President Ferdinand Marcos Jr. on Saturday rallied the Association of Southeast Asian Nations to work closely with India to secure cheaper medicines and vaccines.
In his intervention during the 19th ASEAN-India Summit in Cambodia, Mr. Marcos said that as the region emerges from the COVID-19 pandemic, it is a matter of great urgency for governments to ensure better access to health services.
“ASEAN friends, let us not miss the opportunity of having the ‘pharmacy of the world’ as our close neighbor and dialogue partner.
The high cost of life-saving medicines and vaccines are barriers to a healthy population,” he said.
“Let us work closely with India in ensuring that our region has access to a sufficient volume of affordable, high-quality medicines and vaccines,” Mr. Marcos added.
In a separate statement during the 2nd ASEAN-Australia Summit, Mr. Marcos also called for stronger collaboration in combating transnational crimes.
Mr. Marcos expressed gratitude to Canberra for supporting the Bohol
Trafficking in Persons (TIP) work plan, which aims to implement the ASEAN Convention on TIP, Especially Women and Children.
“This partnership will strengthen our regional responses and keep us in step with the constantly evolving schemes of transnational criminals and traffickers,” he said.
The Philippine leader also suggested a deepening engagement with India, represented by Vice President Jagdeep Dhankhar, on moving toward a blue economy, citing New Delhi’s continued support for the work of the ASEAN Center for Biodiversity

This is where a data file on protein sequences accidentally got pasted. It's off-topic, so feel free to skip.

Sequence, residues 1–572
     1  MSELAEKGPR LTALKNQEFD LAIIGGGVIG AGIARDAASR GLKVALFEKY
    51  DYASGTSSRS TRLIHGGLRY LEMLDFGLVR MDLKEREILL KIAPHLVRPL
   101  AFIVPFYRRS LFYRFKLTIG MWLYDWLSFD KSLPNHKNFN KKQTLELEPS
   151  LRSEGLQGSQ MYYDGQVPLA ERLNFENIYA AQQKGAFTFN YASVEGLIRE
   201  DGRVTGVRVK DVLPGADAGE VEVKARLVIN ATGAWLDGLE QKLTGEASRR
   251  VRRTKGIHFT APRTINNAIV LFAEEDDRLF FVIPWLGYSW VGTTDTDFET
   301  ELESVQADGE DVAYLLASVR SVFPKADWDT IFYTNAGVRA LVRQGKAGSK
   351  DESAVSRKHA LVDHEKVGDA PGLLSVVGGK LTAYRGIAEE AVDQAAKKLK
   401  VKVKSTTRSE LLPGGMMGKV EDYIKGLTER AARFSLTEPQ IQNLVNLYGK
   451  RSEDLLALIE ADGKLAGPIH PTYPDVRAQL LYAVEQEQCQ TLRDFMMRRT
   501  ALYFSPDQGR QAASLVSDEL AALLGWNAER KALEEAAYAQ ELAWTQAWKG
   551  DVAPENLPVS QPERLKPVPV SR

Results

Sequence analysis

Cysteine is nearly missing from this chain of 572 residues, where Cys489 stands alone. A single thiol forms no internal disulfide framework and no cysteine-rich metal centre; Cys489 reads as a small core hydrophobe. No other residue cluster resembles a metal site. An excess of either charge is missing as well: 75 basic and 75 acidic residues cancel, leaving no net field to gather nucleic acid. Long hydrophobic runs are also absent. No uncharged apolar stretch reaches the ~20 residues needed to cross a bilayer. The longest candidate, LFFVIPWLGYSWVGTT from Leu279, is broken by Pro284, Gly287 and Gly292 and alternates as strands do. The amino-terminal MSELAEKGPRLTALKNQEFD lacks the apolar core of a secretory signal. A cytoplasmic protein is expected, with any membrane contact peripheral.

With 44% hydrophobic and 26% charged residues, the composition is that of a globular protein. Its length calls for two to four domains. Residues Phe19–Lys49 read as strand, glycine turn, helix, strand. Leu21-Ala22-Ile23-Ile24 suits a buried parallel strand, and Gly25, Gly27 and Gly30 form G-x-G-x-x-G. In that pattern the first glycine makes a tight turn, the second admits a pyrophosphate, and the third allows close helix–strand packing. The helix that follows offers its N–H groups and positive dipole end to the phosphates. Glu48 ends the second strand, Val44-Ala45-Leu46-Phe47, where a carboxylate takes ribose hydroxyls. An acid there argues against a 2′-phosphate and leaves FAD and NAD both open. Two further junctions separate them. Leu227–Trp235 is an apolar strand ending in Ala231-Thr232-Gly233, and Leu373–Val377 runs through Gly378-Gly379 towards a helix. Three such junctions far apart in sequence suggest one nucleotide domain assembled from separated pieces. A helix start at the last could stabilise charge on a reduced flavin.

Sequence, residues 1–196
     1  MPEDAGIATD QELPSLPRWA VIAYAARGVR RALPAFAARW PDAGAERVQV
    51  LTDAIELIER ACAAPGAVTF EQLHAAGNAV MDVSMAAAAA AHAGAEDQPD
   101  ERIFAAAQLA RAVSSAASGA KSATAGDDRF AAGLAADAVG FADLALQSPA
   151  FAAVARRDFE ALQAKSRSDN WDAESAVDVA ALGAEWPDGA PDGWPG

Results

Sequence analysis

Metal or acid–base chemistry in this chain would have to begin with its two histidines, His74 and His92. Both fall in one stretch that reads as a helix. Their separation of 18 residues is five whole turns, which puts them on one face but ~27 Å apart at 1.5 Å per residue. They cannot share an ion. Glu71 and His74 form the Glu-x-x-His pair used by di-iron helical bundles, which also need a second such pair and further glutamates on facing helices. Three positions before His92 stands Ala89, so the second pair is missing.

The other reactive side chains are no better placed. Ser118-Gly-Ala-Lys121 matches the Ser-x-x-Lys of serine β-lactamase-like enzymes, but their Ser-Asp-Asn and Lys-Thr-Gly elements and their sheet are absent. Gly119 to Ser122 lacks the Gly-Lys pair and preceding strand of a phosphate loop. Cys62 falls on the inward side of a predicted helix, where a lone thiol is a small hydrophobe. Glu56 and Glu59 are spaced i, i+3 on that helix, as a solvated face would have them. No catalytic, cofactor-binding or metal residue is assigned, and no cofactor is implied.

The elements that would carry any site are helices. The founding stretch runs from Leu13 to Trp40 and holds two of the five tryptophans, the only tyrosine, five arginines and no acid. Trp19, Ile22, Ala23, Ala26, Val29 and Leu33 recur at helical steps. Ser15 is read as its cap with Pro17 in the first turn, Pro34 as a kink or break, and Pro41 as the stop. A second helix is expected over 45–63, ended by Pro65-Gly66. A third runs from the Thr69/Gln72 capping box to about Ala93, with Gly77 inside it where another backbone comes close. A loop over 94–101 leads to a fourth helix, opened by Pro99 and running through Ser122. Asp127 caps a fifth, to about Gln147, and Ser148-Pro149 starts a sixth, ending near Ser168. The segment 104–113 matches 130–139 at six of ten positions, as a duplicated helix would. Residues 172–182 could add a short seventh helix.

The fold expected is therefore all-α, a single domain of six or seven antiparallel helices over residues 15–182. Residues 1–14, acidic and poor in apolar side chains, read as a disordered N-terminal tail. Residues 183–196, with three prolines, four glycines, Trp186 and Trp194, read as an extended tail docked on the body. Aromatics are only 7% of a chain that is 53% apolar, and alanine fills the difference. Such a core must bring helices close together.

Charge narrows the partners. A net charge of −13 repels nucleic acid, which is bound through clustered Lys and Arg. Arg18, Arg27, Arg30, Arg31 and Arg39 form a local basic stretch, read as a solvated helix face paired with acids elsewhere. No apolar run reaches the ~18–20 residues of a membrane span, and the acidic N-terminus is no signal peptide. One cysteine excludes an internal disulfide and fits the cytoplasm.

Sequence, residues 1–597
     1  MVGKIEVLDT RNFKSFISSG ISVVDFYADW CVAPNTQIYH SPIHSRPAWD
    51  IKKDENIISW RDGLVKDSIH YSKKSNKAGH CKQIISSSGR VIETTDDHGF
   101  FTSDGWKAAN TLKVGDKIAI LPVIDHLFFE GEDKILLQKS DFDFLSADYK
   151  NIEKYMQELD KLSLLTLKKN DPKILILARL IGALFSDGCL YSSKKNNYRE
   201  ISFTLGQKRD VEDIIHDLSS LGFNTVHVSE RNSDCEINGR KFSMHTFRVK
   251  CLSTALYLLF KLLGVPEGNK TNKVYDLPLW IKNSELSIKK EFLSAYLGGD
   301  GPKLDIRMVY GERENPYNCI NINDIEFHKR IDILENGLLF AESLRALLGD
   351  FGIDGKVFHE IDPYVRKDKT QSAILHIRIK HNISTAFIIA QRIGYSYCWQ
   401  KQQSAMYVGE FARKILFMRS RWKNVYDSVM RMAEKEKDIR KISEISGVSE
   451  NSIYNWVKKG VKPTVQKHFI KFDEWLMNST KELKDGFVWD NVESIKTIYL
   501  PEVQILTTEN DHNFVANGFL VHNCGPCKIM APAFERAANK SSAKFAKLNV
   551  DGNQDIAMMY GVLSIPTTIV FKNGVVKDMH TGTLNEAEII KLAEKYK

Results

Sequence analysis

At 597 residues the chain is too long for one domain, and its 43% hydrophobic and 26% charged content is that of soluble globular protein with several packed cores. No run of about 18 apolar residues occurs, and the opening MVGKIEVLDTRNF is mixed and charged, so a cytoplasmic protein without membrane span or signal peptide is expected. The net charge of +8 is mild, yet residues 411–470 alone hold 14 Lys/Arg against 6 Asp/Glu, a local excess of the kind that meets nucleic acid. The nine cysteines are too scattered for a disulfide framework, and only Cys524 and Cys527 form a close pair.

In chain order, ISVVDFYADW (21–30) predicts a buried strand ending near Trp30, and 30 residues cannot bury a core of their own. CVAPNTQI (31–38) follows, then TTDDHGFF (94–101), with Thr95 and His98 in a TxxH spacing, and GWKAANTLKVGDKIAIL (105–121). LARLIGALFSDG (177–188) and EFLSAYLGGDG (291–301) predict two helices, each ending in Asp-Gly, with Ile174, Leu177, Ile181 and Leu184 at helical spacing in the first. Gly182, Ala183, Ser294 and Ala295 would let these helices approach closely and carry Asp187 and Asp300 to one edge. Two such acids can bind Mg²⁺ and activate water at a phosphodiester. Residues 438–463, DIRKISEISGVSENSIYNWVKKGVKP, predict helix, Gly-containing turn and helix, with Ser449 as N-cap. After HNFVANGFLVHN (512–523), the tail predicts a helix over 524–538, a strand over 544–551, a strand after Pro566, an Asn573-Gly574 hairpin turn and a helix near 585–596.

“We cannot move toward a blue economy if our oceans cannot support sustainable vibrant life,” the President said.
Mr. Marcos also took the opportunity to extend his condolences to the families of the victims of a pedestrian suspension bridge that collapsed in India’s western state of Gujarat.
“At the outset, allow me to add our ‘Tap…condolences on behalf of the Filipino people for the tragic loss of life and injury from the bridge collapse that you recently suffered. We pray for the injured to return rapidly to good health,” the President said.
At least 135 people died when a pedestrian suspension bridge gave way in the Indian town of Morbi on October 30.
According to local officials, most of those who had died were women, children, or elderly.